Why the Academy Should Fire Brett RatnerTheo Wargo/Getty Images
Earlier today, New York magazine’s entertainment site Vulture reported that at a Los Angeles Q&A after a screening of Tower Heist, the film’s director Brett Ratner dismissed a question about his process by saying, “Rehearsing is for fags.” Since Ratner has been signed to produce this year’s Oscars, I would say he has a problem. There are many public responses that can follow an incident like this: The Sincere Apology, The 12-Step Apology (“My intemperate remarks have led me to understand that I need to seek treatment for ”), the Non-Apology Apology (“I’m sorry if my choice of words offended ”), the Can’t-You-Take-A-Joke Apology (“All my gay friends know that I don’t use PC language ”) or the Sidestep Apology (“I didn’t mean anything homophobic, I was just using ‘fags’ to mean, you know, losers!”).
I wondered which one of these approaches Ratner would take. Turns out it was a little bit of all of them. He told The Wrap: “I apologize for any offense my remarks caused. [Not that they’re by definition offensive, just that somebody MIGHT have been offended.] It was a dumb and outdated way of expressing myself. [Not prejudiced, just “dumb.” Not homophobic, just “outdated.”] Everyone who knows me knows that I don’t have a prejudiced bone in my body. [Some of my best friends are fa—uh, homos, uh, sexuals.] But as a storyteller I should have been much more thoughtful about the power of language and my choice of words. [I’m a storyteller!]”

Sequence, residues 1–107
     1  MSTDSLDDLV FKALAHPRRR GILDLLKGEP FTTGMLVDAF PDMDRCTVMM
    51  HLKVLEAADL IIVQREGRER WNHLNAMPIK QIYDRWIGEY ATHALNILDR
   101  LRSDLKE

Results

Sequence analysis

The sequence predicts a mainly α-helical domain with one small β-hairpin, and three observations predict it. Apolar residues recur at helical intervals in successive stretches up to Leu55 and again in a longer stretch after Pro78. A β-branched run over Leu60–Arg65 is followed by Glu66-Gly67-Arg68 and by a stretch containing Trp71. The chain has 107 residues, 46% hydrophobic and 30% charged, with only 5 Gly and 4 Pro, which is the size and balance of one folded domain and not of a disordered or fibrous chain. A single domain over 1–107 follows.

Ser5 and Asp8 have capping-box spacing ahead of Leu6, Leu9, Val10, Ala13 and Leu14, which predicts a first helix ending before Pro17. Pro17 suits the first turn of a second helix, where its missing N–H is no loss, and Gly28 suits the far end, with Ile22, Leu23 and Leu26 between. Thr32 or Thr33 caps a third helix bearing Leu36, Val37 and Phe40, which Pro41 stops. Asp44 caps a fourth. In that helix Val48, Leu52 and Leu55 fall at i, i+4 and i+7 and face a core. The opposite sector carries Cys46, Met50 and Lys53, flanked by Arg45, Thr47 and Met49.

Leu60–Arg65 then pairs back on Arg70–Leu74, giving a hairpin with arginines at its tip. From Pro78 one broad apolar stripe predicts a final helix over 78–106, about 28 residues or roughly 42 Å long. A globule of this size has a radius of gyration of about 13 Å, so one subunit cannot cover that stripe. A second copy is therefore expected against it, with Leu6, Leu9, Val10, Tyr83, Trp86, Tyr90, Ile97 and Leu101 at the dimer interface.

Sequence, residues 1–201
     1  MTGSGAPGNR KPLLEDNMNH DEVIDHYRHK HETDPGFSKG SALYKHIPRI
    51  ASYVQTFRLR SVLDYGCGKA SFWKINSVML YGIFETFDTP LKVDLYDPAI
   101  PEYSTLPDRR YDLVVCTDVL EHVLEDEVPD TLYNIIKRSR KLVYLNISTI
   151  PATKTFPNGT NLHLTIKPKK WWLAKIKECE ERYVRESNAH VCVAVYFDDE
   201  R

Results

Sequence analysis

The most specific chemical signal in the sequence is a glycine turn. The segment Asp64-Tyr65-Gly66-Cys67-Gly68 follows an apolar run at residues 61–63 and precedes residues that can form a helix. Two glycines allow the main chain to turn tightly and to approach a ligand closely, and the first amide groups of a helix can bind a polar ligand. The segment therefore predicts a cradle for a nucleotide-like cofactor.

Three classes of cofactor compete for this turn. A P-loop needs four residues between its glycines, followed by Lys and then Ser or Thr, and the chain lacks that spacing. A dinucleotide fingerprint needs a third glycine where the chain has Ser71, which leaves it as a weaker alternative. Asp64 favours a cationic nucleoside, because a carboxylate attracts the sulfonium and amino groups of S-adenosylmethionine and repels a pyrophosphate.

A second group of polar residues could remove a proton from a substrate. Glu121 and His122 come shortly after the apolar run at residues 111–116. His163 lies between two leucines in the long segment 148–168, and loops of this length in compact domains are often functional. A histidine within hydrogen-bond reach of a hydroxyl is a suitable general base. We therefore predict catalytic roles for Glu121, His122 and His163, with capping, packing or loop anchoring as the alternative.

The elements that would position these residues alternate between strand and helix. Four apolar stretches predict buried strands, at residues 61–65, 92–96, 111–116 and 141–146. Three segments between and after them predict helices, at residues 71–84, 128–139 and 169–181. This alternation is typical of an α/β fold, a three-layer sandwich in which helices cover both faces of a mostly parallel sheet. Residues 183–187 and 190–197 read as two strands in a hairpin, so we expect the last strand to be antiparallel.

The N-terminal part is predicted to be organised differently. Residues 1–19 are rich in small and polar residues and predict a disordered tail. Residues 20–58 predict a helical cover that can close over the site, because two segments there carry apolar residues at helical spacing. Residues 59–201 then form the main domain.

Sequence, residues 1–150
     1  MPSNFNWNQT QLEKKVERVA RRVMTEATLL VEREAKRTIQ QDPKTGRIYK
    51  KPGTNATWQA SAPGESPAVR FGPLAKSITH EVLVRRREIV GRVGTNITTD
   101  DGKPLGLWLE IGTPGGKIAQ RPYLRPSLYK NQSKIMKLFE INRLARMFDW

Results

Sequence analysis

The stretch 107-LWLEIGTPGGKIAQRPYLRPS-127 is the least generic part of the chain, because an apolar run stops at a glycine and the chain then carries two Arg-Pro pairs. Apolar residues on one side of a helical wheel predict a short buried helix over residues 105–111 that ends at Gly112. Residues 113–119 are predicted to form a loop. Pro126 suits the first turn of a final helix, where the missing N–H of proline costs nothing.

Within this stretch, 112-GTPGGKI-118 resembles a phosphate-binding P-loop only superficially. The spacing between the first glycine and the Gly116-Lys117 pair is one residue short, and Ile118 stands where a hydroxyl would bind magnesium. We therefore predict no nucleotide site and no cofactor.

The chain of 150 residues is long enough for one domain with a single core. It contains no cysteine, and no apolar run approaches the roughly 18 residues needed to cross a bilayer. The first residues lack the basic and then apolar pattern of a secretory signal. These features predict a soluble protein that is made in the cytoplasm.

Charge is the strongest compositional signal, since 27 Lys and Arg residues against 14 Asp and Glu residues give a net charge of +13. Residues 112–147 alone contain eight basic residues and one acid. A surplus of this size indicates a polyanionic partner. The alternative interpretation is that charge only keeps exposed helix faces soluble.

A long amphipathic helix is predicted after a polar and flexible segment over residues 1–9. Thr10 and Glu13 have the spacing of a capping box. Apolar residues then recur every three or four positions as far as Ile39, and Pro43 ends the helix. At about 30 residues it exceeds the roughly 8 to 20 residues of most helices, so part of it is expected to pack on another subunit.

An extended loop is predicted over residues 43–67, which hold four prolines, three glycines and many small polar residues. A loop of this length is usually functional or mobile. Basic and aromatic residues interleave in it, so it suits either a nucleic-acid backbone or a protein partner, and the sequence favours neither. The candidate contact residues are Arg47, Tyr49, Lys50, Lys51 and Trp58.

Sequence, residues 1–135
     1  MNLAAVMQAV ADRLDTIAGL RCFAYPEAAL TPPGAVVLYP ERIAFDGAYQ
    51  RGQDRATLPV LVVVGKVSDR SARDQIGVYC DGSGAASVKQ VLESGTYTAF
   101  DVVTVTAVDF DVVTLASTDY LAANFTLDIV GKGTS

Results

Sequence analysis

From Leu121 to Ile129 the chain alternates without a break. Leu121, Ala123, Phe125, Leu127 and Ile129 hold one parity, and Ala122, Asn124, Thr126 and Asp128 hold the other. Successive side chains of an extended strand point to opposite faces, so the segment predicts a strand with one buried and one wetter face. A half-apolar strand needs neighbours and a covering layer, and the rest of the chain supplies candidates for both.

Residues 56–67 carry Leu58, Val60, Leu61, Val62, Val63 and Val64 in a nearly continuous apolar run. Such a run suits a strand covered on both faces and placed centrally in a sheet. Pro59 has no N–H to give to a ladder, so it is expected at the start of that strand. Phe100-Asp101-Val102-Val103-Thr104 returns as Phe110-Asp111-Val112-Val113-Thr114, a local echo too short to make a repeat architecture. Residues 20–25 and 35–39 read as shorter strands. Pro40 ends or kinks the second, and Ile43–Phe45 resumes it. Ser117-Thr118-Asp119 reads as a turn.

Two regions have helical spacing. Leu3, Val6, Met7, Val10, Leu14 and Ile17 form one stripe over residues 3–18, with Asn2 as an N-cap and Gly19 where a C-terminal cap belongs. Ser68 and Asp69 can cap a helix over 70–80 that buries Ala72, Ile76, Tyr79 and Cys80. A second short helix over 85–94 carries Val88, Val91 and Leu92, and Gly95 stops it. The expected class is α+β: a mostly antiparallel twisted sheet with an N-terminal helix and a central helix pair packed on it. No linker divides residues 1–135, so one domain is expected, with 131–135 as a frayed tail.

I’ve had to listen to versions of every one of these mea-not-quite-culpas over the years and, seriously, I’m no longer interested in patiently witnessing the slow arc of a public figure’s learning curve. What I do care about is what the Academy does, which should be either to ask for and receive his resignation from the show or to drop him as the producer of a show that is supposed to represent the best the industry has to offer. There’s not really a long, nuanced debate to be had about this. If he had used an equivalent racial or religious slur, the discussion would go something like, “You’re fired.” Apology or not. The same rule applies here. You don’t get a mulligan on homophobia. Not in 2011.
Mark Harris is the author of Pictures at a Revolution: Five Movies and the Birth of the New Hollywood and is currently at work on his next book. Follow him on Twitter at @MarkHarrisNYC.
Previously: Oscarmetrics: Your 2011 Awards Season Cheat Sheet
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